Ultimately, the question for GM is whether it can make enough money through car-sharing and other mobility services to offset any impact the trend has on its bread-and-butter business of building automobiles. Lawrence Burns, a University of Michigan professor and a former GM vice-president of R&D, wrote last fall in Autonomous Vehicle Engineering magazine that an automaker’s average net income per vehicle ranges between US$1,000 and $5,000, whereas a self-driving transportation service vehicle with a 300,000-mile life can earn about $30,000. 

But there’s a caveat: GM’s historical strength is automotive design,  engineering and manufacturing at scale, not customer service. That element of the business is currently handled—some would say not very well—by the carmaker’s vast network of independent dealers. Adopting a more consumer-oriented approach like Apple, Google or Uber will require a brand new skill set, not to mention a major culture shift.  

“There’s certainly a risk if they don’t do it well,” Krebs says. “But there’s probably an even bigger risk if they don’t do it at all.” 

It’s like airbnb for…

Say “sharing economy” and people immediately think Zipcar or Airbnb, which, incidentally, earned $100 million last year by charging fees for renting out space in strangers’ homes. But rides and rooms are far from the only services being swapped. From mouldy basements to empty restaurant tables, here are some other examples of the what’s-mine-is-yours economy at work.

Storage

illustration of miscellaneous items with 'for rent' signSpacer, an Australian firm that bought San Francisco space-sharing pioneer Roost last year, makes it possible for anyone with an empty basement, garage or attic to cash in on America’s US$30-billion self-storage business. How lucrative is it to store someone else’s junk? An empty garage fetches about US$400 a month.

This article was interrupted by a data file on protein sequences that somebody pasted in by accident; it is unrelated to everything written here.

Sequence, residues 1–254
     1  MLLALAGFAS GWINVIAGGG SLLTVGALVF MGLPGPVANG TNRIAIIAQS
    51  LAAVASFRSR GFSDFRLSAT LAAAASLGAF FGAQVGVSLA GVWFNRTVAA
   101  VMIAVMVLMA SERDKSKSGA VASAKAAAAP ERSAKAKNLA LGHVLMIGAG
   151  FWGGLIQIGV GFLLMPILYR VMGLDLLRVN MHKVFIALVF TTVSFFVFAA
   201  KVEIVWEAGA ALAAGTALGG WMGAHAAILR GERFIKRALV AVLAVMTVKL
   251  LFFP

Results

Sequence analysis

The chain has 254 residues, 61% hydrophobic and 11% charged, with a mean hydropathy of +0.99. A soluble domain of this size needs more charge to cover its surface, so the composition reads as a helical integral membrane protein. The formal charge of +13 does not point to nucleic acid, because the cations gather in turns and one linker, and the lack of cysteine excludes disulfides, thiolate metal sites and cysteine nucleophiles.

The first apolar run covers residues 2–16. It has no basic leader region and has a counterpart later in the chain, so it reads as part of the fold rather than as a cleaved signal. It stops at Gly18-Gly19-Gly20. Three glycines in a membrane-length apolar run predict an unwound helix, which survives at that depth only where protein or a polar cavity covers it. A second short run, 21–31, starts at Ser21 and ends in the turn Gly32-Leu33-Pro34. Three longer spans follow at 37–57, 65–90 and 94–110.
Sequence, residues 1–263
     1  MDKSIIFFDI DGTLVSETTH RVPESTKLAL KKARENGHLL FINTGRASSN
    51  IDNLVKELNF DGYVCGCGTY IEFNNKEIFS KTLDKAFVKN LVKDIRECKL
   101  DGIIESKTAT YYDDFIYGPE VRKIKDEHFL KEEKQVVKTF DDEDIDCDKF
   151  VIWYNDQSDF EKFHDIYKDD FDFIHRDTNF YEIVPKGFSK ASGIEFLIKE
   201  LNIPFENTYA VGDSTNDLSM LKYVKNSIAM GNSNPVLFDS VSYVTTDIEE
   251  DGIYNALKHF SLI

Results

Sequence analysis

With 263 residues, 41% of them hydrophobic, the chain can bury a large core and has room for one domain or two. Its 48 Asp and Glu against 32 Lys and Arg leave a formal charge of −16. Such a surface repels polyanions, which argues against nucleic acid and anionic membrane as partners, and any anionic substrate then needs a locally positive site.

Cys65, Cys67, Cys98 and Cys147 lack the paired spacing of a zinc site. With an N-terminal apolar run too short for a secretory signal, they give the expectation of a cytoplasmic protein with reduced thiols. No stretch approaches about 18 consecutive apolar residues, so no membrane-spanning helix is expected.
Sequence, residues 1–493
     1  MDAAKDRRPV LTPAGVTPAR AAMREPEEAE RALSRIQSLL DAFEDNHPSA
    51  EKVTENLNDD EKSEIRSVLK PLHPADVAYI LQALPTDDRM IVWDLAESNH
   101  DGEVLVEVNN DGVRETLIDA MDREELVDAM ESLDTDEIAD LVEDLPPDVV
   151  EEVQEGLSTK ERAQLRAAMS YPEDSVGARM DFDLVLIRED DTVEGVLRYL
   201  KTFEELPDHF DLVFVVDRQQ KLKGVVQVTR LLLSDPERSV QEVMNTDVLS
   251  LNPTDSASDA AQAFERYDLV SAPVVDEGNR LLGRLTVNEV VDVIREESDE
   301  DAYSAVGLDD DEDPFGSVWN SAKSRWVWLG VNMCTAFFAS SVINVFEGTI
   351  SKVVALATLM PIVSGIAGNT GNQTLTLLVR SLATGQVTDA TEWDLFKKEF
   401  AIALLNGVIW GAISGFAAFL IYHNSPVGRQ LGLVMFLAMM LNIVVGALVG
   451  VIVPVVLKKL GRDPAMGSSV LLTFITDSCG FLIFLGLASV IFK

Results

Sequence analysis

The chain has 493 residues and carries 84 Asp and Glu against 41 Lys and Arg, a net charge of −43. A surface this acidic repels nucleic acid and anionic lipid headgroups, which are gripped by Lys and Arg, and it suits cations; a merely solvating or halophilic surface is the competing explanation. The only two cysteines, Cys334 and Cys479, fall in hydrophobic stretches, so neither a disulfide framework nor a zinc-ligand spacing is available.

Stuff

illustration of miscellaneous items with 'for rent' signWhy not a sharing site for all those things in your basement you’ve bought, and only use occasionally? The founders of Fat Lama had the idea when they were renovating in East London, U.K., and found it hard to rent ladders, tools and the like. Users can rent things they might expect—a camera, a ski rack, camping equipment—and things they might not—a little black cocktail dress, running shoes, a didgeridoo.

Bathrooms

illustration of washroomAn idea long overdue, Rockaloo lets you use your smartphone to book nearby private washrooms in Manhattan, Brooklyn and Queens. Prices range from US$0.99 to $8.99 for up to one hour. You simply walk in the door—they’re typically bars, restaurants and coffee shops—show your phone to the proprietor and proceed to be relieved.

Tables

illustration of people in restaurant, one dining other working Coffee shops no longer have a monopoly on laptop-toting freelancers and entrepreneurs. Now restaurants and bars in New York can rent out their dining areas to the self-employed between the lunch and dinner rush via KettleSpace, launched last summer. Users pay between US$25 for 10 hours a month and $99 for an all-access pass. Free WiFi and bottomless  coffee are included.

Luggage

illustration of people in restaurant, one dining other working The next time you’re dragging a suitcase through London while waiting to check into a hotel, try calling up LuggageHero on your smartphone. The service connects burdened travellers with local businesses like convenience store Jimmy & Sons near Covent Garden, which charges about $5 per hour per bag to store your luggage. Best of all, it’s insured against loss and affixed with a tamper-proof seal.